Despite worrying messages about violent protests, a Drag Queen Story Hour at the Astoria Library proceeded calmly on Saturday morning, with over 100 adults and children in attendance.
The event’s primary critic, Miles Rudduck of Warrenton, stood outside during the reading with three other men.
Earlier in the week, Rudduck announced on social media that he planned to peacefully protest, but also indicated to library staff and Astoria police that violent protests could be possible from others, according to Police Chief Geoff Spalding.
But no violent protests erupted and attendance surpassed a similar reading last summer.
“It’s fine, everything went well,” Jimmy Pearson, the library’s director, said. “Everyone seems to be happy.”
Though Rudduck, wearing a red “Make America Great Again” hat, livestreamed videos for his Facebook page, proclaiming his view that the reading was harmful to children, none of the men with him carried signs or spoke openly about their concerns. They did not interact with a crowd of people who supported the event, nor did they talk to Marco Davis, a community volunteer who did the reading in his drag persona, “Miss Daylight.”
None of the men went inside the library to try to hear the reading.
“We used to protect the children,” Rudduck said on one of his livestreams, “now we protect the men. It’s upside down.”
Not sure what to expect, Spalding attended the event himself, out of uniform, along with Kenny Hansen, the police department’s homeless liaison officer, and other city leaders, including Mayor Bruce Jones and City Manager Brett Estes.
A dozen friends escorted Davis to the library. Some also made small buttons for people to wear that asked, “WWDD,” or “What would Daylight do?”
“Be like Daylight,” one friend posted on Facebook ahead of the reading, “focus on the love, bring the light, don’t feed the hate.”
Adults who attended only to support Davis and the library waited outside the Flag Room to make sure children and their parents were able to get seats. Some of the kids dressed up as princesses and unicorns.
More supporters remained in the main lobby and outside the library for the duration of the reading.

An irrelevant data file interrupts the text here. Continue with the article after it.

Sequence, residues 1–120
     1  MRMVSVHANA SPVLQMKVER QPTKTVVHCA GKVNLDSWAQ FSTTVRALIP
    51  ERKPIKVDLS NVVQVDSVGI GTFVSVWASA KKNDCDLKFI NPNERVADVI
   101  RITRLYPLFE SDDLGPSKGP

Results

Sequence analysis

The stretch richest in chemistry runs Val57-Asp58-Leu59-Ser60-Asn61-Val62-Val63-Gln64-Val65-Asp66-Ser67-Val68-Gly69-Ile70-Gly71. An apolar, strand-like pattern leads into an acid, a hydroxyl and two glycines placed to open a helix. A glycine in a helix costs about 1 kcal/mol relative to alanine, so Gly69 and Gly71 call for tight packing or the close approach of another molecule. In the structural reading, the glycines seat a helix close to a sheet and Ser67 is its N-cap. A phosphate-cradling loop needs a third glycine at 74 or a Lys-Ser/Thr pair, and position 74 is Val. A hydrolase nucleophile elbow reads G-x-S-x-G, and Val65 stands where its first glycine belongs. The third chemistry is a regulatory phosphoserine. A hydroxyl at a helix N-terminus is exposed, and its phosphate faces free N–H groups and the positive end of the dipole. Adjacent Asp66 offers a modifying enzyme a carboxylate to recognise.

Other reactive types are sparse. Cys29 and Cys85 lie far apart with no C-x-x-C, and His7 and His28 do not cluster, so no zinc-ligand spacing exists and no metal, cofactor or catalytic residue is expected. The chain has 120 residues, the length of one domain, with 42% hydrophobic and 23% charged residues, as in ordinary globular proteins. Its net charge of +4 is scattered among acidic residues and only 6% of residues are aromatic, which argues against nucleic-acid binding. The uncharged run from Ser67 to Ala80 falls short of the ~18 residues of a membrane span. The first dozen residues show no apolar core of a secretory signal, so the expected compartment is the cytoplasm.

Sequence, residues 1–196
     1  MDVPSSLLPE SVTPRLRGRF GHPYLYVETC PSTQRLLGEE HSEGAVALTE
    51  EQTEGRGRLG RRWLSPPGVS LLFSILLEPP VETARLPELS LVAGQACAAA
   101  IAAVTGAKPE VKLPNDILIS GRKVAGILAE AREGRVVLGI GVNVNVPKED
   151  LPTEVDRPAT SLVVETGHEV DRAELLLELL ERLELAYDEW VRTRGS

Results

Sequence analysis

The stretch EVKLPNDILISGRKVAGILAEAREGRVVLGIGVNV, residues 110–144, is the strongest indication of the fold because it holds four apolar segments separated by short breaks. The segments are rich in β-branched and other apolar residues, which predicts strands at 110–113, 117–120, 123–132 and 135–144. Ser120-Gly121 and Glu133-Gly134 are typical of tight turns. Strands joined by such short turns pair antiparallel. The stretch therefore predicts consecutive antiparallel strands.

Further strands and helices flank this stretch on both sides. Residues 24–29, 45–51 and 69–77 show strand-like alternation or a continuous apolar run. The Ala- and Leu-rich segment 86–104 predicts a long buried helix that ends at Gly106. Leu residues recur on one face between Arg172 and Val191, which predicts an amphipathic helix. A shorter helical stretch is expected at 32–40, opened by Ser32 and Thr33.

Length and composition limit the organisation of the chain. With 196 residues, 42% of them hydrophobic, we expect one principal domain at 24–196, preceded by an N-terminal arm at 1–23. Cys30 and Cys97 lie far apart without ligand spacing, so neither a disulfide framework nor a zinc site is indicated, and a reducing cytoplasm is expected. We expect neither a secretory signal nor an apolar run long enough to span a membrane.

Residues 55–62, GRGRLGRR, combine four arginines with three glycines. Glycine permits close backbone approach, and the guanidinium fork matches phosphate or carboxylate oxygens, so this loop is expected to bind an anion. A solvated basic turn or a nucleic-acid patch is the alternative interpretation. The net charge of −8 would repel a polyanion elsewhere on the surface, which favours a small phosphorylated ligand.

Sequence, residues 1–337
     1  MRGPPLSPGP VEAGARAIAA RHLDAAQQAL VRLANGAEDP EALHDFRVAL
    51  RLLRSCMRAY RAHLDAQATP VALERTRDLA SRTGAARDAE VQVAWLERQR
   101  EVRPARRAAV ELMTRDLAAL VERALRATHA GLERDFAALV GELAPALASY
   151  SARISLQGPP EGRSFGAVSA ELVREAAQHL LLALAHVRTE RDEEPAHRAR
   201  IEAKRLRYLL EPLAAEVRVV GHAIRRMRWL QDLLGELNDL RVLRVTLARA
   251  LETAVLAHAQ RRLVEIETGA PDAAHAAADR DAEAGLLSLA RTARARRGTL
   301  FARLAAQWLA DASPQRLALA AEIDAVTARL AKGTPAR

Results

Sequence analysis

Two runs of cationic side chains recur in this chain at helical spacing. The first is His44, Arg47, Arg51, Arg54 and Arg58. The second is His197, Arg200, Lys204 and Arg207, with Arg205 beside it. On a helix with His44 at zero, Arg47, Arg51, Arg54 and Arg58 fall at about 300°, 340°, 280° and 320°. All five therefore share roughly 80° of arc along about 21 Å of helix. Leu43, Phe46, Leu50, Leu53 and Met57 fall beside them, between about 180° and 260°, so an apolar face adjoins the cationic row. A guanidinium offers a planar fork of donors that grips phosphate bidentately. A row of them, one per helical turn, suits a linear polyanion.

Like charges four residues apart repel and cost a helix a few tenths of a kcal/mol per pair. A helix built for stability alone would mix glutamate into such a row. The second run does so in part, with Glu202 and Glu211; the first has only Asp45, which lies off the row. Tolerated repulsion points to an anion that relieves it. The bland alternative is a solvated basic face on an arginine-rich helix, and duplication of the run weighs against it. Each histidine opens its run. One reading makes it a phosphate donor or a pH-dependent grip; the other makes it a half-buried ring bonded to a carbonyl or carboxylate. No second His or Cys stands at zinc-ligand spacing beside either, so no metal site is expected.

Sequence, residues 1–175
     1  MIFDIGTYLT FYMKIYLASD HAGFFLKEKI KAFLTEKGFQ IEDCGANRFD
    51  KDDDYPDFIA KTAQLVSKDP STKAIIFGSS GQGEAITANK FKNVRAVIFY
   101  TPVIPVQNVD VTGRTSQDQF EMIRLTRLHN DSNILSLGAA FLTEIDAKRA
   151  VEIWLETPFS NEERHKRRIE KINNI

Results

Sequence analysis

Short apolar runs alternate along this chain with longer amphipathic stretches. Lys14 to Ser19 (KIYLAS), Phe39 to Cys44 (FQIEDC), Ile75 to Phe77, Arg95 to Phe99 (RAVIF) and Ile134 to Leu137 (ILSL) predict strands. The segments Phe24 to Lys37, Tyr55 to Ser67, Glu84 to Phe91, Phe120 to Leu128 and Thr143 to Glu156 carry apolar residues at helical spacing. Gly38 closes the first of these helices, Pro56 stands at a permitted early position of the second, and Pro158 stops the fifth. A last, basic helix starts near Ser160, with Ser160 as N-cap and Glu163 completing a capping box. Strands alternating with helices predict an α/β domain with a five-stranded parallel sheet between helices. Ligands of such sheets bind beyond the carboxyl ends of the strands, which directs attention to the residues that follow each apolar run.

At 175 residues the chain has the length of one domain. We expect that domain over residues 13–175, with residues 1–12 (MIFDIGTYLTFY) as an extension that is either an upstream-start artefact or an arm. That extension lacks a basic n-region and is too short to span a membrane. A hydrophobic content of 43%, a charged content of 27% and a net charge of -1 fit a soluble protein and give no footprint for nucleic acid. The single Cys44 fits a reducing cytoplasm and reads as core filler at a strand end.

To protect the minors, the library did not allow people to record or take pictures inside. Pearson gave parents a chance to take pictures of their children with Davis if they wanted.
Jessie Weis, of Astoria, attended a similar event at the library last year. She wasn’t originally planning to go to the reading Saturday until she heard people planned to protest and were writing about Davis and the event in terms she considered “hate speech.”
“Hate has nothing to do about being a Christian,” she said.
Vivian Battjes, of Gearhart, and Sheila Forte, of Astoria, were not part of Rudduck’s protest but attended because they believe a man dressed as a woman reading to children sends a confusing and possibly harmful message. Sexual and gender preference are adult decisions that come with different health risks, and young children are very impressionable, they said.
“It’s one thing to make a choice for yourself in regards to gender and sexual preference, it’s another thing to include children and influence them,” Forte said, adding that she was not judgmental of parents who chose to let their children attend, just concerned.
Battjes had asked the library if a religious group could come in and do a story hour, perhaps with someone dressed as a biblical character. She was told she could not. Pearson spoke with Battjes at the event and plans to talk to her again about the options. In general, libraries cannot host political or religious events, he said.
For Estes, the event was a success for free speech.
“It didn’t devolve into arguing or fighting on either side,” he said afterward. People who had concerns were able to express them and attend alongside the many people who supported the event.
“That’s what you want — is for that dialogue to occur,” he said.
A number of parents said their children had attended and enjoyed last year’s reading with Davis. One woman said her daughter dressed up in a princess dress as Daylight for days afterward to hold read-aloud story times with her siblings.
Last year, the story hour was one of the library’s most popular events. There was no public outcry or any protests.
Pearson is not sure why the reading, advertised in a similar way as it was last year, garnered so much negative attention this year. The library received messages and calls from people who were concerned. Pearson said the people who were the most adamant that the library should shut down the reading live outside of Astoria.
Drag queen story hours, programs intended to promote reading and literacy, are rising in popularity across the country. Many libraries have faced pushback from some in their communities over the events, but most have chosen to proceed anyway.
In Astoria, the City Council defended the event, calling it an important way to encourage diversity.
Davis read three picture books on Saturday, chosen from a list of suggestions compiled by Suzanne Harold, the children’s librarian: “Julian Is A Mermaid,” by Jessica Love, about a boy who sees people dressed up as mermaids and is inspired to make his own costume; “Neither,” by Airlie Anderson, about a land where blue bunnies and yellow birds stick to their own kind until one day a green bird with rabbit ears is hatched and must find a new place to call home; and the children’s classic “Elmer,” by David McKee, about an elephant with a conspicuous multicolored patchwork hide.